Sellers may determine the list price, but buyers have the final word. Your home is only worth what a buyer is willing to pay for it, and that may be less than what your next-door neighbor got for his property two weeks ago. Your real estate agent will most likely print out a Comparative Market Analysis (CMA), which averages the recent sale price of similar homes near you and suggests a reasonable list price. You can choose to ignore that at your peril.
If you insist on listing it significantly higher than the suggested list price, it may sit for weeks or months with few showings. I can tell you from experience that the longer it’s on the market, the lower the offers will be. Prospective buyers have an innate suspicion that there’s something wrong if the house hasn’t sold after months of showings, particularly in a hot market.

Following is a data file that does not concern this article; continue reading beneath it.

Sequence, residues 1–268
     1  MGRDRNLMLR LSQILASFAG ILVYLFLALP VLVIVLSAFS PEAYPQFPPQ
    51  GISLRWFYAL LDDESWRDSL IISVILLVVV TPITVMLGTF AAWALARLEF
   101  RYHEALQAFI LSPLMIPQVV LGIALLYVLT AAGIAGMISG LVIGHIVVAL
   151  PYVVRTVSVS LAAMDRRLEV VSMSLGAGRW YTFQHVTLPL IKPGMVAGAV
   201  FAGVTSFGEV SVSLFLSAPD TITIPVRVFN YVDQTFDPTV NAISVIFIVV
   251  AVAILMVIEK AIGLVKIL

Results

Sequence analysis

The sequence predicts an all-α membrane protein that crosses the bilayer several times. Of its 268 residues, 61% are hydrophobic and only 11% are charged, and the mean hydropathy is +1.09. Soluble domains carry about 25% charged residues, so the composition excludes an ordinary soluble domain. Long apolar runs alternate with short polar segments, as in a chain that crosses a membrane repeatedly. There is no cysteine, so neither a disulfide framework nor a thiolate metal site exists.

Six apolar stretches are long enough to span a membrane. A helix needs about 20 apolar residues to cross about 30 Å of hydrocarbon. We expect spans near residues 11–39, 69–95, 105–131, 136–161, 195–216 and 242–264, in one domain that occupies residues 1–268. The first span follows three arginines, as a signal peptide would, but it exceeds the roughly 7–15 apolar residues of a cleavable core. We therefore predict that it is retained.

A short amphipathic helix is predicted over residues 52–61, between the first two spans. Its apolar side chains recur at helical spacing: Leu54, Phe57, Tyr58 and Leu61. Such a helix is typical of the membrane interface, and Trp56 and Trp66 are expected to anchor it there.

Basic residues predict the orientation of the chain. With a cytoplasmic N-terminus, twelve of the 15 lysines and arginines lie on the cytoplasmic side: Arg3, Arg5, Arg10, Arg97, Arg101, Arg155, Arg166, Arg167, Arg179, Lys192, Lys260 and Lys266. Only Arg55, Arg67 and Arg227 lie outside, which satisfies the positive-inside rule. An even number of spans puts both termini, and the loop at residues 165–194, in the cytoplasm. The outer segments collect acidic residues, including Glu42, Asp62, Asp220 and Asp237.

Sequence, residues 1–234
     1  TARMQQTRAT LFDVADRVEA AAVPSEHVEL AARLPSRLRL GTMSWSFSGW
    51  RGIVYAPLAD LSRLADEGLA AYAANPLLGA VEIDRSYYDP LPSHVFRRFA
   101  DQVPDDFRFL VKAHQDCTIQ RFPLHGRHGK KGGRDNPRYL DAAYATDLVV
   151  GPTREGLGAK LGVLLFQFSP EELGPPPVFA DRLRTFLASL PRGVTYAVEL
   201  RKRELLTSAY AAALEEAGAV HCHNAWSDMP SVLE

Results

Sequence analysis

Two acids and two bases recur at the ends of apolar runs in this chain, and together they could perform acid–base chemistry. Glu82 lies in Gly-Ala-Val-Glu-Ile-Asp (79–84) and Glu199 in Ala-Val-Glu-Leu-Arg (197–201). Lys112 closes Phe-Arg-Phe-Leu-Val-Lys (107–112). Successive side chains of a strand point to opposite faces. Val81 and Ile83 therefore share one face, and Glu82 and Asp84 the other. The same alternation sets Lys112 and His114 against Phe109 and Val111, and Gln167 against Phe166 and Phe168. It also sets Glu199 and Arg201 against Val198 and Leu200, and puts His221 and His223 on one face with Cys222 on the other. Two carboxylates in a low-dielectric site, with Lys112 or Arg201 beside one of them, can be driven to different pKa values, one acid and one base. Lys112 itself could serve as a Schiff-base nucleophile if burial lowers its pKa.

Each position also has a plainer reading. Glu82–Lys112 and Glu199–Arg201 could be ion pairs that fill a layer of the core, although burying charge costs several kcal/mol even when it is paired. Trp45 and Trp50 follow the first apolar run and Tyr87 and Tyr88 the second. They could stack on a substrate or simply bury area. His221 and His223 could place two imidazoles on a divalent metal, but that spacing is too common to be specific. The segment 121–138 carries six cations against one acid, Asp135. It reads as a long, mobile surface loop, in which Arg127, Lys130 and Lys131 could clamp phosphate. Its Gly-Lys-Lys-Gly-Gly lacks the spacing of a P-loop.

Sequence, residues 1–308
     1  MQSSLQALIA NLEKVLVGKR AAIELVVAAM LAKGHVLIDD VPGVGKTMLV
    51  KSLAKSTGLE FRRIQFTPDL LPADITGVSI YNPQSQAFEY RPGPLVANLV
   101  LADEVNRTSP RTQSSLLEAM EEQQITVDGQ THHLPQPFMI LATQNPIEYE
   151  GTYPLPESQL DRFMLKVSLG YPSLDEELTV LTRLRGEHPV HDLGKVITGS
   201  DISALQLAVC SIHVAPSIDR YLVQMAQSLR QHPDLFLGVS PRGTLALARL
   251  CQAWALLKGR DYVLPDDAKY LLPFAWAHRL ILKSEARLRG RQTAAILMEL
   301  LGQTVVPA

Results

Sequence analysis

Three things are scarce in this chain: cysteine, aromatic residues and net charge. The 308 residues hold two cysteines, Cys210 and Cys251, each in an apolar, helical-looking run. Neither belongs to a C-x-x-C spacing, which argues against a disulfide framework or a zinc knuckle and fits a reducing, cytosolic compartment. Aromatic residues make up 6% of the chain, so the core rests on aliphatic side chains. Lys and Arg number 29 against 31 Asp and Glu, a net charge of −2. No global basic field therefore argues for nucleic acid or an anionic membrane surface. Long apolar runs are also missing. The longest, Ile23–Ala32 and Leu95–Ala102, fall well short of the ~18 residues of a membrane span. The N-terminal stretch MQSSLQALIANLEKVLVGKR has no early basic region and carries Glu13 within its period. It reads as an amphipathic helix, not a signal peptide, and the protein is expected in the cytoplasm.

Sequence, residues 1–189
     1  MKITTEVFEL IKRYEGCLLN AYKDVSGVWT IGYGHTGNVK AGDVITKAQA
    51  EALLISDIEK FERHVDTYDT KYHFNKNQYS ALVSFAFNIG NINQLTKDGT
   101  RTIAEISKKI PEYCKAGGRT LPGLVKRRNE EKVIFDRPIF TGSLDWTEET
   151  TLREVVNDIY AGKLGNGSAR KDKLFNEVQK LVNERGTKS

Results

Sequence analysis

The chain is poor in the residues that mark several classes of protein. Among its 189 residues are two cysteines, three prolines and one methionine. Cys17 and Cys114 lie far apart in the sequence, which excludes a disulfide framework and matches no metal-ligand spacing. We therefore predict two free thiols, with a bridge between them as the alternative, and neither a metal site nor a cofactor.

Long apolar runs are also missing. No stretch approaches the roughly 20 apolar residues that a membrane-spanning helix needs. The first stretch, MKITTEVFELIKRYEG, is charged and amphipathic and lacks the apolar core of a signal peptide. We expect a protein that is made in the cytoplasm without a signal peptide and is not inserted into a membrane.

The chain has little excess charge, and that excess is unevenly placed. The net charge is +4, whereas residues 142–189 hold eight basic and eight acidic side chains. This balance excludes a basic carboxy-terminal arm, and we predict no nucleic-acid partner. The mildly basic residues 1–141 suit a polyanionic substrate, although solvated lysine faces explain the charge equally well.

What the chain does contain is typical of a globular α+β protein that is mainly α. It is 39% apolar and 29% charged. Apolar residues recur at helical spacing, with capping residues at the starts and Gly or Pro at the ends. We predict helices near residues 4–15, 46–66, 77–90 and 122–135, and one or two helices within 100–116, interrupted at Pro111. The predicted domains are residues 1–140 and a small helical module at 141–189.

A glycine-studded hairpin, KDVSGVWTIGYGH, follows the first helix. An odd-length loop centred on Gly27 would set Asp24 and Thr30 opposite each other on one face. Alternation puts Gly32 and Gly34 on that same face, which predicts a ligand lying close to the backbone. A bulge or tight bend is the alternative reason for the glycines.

If your property is unique in some significant way, your real estate agent may have a hard time finding comparable sales–it’s much bigger than surrounding homes, has significantly more land, is newer, or has a number of useful and attractive customized features. If this is the case, you might consider hiring a property appraiser to come and evaluate the property for you. You can then feel justified listing the property for a higher amount than the rest of the listed properties in your area.